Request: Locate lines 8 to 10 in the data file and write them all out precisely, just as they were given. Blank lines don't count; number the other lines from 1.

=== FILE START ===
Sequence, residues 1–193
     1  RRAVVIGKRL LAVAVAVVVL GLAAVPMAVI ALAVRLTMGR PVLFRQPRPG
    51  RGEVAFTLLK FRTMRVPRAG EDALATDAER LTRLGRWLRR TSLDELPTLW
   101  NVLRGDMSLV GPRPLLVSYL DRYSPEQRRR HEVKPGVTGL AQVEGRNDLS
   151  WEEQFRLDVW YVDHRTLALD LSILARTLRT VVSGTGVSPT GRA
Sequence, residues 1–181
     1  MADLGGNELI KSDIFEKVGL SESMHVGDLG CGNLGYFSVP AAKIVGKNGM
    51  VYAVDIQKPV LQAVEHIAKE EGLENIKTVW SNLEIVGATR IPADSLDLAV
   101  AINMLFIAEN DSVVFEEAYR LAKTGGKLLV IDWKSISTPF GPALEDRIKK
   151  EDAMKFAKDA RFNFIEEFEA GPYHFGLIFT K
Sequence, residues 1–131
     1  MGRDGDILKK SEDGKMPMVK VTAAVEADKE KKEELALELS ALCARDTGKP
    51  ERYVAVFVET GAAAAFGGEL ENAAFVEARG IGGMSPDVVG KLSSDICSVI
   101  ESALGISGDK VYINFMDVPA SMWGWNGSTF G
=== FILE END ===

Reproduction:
    51  VYAVDIQKPV LQAVEHIAKE EGLENIKTVW SNLEIVGATR IPADSLDLAV
   101  AINMLFIAEN DSVVFEEAYR LAKTGGKLLV IDWKSISTPF GPALEDRIKK
   151  EDAMKFAKDA RFNFIEEFEA GPYHFGLIFT K